Troy: "I suppose you could look at it that way, yeah, although we didn't think in those terms. Rather than spending three hours watching reaction videos, why not listen to the actual album on headphones in the dark like in the old days?"
Tuomas: "Maybe not a middle finger, but definitely a wake-up call. Some food for thought."
BraveWords: Tuomas, there is an obvious chemistry between you and Troy, and it's been apparent since he joined the band (officially in 2013). What is it like having him as a right-hand man? Sometimes letting people in can be difficult, particularly when it comes to creating art when you have a definite vision, but the partnership seems to have broadened what you do.
Tuomas: "That is absolutely true. Troy is the glue of the band; that's what we all say. His musicianship, his personality, and the light he brings into the room has a profound effect on this band."
BraveWords: It's good that his ego doesn't get the best of him, then...
Troy: "(Laughs) Yeah, that's the only problem with me; massive ego. No... we have a really easy connection."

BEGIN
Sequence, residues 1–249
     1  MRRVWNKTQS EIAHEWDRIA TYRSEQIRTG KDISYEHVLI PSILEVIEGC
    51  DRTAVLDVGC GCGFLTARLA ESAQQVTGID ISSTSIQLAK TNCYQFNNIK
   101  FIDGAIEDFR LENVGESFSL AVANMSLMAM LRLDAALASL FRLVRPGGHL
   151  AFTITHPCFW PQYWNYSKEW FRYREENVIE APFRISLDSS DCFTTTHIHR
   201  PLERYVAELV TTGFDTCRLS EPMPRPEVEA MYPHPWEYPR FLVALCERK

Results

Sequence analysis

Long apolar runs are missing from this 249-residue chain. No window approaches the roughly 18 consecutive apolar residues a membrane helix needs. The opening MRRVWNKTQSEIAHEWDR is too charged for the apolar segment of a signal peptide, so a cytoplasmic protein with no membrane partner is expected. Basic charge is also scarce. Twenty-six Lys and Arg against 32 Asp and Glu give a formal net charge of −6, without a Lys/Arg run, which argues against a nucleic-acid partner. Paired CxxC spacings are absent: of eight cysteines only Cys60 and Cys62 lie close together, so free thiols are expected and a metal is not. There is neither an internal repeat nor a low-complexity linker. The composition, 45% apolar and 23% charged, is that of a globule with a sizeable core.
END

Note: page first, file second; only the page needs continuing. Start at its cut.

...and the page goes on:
BraveWords: It's been almost 20 years since you toyed with the idea of stopping Nightwish and calling it quits. With that in mind, are you at all surprised Nightwish is not only as successful as it is, but this close as a unit?
Tuomas: "Yeah. It's amazing, but I generally don't think back on stuff like that. This truly is a band with a capital 'B' these days. The way we did this album, the way we rehearsed it. We were together for a month at a campsite not only to rehearse, but to talk about the themes. In the evening we would sit around the campfire with acoustic guitars and go through the harmonies. It was full immersion, just being friends to each other, talking about superficial stuff, deep stuff... and there is silent understanding between most of us (laughs)."
Troy: "It's a good question, though, because bands aren't easy things to be in. You're always going to have conflict of interest, conflict of personality, and '’T'was ever thus,' as they say. Luckily for us we are pretty open with each other to a degree, and we do try to look at things from all sides."
(Photos by: Tim Tronckoe)